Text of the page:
Tag Archives: Human Rights

VGIF is happy to announce the re-launch of its VGIF @ the UN blog

We would like to introduce you to our VGIF United Nations interns, Meryl Roux and Taysha Milagros Clark.

Meryl and Taysha were involved with VGIF at CSW 57 and after a summer hiatus have continued to attend meetings at the UN throughout the fall.

Image

Meryl is a senior at Manhattanville College, double-majoring in Political Science and International Studies. Working with VGIF is her first experience with a grassroots organization and she is very enthusiastic about gaining insights into the community development issues that she believes matter the most.  Meryl looks forward to continuing to learn more about the internal workings of the United Nations and reporting back to you, here on the blog.

Taysha is a sophomore at Barnard College, pursuing a Bachelor’s degree in Political Science and Human Rights with a minor in Sociology. She is enthusiastic about VGIF because she is a firm believer that women’s rights are human rights, and vice versa. She is eager to see these issues discussed in different perspectives, and enjoys the work she is doing to help VGIF better the lives of not only women, but entire communities.

Taysha and Meryl will be representing VGIF at the UN through May, including as VGIF delegates at the 58th Session of the Commission on the Status of Women in March.  They receive support from the program director at the VGIF office, and in biweekly UN discussion meetings with Michaela Walsh of the UN Committee.

The many human rights issues discussed at the UN include violence against women, poverty, gender equality, literacy, maternal health and child mortality —these are some of issues that VGIF address in its grants program for women and girls in developing countries. As representatives of VGIF, the interns are encouraged to “make their voices heard.”  They are learning to be leaders engaged in improving the lives of women and girls worldwide, so listen for their voices in the coming weeks.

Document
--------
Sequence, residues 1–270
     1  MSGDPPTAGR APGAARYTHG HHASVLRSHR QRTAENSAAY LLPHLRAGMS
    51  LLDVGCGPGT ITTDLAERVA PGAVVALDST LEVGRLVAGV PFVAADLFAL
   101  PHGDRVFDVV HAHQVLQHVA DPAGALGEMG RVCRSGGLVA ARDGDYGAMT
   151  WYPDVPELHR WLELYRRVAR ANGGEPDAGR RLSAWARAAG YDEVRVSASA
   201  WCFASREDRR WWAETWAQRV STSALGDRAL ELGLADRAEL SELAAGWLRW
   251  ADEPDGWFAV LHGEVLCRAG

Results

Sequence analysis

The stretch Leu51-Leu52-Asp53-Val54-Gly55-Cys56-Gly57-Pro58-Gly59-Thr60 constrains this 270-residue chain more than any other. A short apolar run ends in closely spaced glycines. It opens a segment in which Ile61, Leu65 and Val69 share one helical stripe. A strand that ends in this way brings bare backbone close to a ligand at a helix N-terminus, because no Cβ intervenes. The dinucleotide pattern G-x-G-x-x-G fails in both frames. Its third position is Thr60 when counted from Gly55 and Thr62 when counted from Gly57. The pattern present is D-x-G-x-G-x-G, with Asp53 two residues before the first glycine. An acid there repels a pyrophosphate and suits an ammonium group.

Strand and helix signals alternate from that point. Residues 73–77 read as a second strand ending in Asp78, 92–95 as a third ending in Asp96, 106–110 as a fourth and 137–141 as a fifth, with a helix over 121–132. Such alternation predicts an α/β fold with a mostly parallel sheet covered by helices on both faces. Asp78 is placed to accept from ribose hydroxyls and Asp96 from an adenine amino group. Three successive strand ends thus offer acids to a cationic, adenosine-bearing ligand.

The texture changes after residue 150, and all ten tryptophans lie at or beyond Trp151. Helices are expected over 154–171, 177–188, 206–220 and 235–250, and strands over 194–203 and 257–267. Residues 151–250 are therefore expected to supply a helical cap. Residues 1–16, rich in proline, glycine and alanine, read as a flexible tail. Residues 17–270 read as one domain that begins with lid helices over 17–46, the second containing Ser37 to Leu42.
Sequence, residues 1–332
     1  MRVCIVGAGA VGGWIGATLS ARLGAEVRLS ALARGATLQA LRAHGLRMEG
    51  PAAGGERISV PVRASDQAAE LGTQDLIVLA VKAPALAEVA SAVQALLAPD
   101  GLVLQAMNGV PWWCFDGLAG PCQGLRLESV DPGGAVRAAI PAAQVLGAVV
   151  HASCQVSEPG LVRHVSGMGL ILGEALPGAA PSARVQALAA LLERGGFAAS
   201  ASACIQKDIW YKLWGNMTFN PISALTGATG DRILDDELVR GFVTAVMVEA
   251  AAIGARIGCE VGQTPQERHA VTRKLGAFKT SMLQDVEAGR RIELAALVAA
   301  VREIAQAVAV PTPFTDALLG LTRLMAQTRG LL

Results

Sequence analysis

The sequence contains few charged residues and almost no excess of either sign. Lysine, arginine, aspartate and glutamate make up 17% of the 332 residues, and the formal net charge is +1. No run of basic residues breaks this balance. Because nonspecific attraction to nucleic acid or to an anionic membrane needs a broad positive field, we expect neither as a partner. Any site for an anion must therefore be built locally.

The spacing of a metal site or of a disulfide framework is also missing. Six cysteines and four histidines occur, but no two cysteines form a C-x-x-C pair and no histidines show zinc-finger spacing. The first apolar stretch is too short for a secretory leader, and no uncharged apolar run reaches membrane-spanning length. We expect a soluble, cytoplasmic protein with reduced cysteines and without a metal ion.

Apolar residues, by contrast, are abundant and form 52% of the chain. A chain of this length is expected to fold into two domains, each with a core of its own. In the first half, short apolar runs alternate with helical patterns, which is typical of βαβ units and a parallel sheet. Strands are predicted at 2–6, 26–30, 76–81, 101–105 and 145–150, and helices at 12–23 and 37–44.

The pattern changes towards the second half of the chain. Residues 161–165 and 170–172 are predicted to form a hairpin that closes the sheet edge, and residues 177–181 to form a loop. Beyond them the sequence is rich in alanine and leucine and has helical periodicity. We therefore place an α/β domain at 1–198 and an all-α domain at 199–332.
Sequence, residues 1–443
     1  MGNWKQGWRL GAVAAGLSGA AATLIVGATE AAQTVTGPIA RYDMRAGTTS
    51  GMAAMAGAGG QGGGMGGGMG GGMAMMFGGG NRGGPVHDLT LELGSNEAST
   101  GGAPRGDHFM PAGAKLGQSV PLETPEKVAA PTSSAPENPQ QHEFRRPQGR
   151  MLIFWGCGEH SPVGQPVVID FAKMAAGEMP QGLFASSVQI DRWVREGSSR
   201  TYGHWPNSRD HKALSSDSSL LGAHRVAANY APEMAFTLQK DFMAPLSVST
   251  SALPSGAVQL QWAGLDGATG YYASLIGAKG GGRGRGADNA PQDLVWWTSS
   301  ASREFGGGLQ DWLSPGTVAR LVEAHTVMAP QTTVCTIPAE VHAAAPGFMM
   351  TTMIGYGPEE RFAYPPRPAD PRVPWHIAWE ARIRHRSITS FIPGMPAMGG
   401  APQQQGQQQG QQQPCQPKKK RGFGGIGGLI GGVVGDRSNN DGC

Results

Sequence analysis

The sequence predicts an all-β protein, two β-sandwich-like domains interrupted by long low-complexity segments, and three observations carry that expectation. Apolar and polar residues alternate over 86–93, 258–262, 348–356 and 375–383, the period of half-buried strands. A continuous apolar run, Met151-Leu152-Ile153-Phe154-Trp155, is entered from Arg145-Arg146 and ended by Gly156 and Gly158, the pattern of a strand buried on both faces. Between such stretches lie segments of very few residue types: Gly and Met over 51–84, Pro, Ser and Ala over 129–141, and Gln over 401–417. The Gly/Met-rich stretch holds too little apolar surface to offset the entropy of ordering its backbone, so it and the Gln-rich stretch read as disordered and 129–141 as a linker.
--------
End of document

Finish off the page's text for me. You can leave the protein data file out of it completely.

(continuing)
Advertisements

“They have taken my life without killing me.” Bosnian Survivor

By Thea Rømmen

CSW57: Sexual and Gender-Based Violence as a Method of Warfare Panel

Permanent representatives of Liberia, Liechtenstein and the U.S.A introduced and stressed their countries’ commitment to the cause of reducing sexual violence as a method of war. The Hon. Julia Duncan-Cassell of Liberia spoke on the many forms of violence particularly on women during the civil war in Liberia – torture, amputations, abductions, rape, killings. Women were forced into prostitution and slavery, and forced to witness sexual violence committed to their family members. In Liberia, the menace of sexual violence in war has, due to its effectiveness, proven exceptionally difficult to combat.

The panel itself was moderated by Emira Woods.

Niemat Ahmadi, of a women’s group in North Darfur, presented a very engaging and distressing video of personal testimonies and consequences of sexual violence in the Darfur conflict. She said, the support of the international community is very important to propel change in domestic actors (funding, resources, empowerment of domestic actors) – the situation on the ground remains extremely distraught for women.

Zainab Hawa Bangura of Sierra Leone, former foreign minister of that country, is the Special Representative of the UN Secretary General on Sexual Violence in Conflict. Rape must be recognized, leadership must be established and the international community must coordinate. Services and support must however also be established! Survivor centers, holistic multi-sectoral services are of the essence!

Karen Mosoti, the head of the liaison office of the International Criminal Court. International community’s main effort: different types of prosecution, mandate of the prosecutor to choose.  Ms. Mosoti shed light on the formal responsibilities, limitations and liberties of the ICC. The ICC is currently investigating eight cases of gender-based violence, many of which are against political leaders in Africa.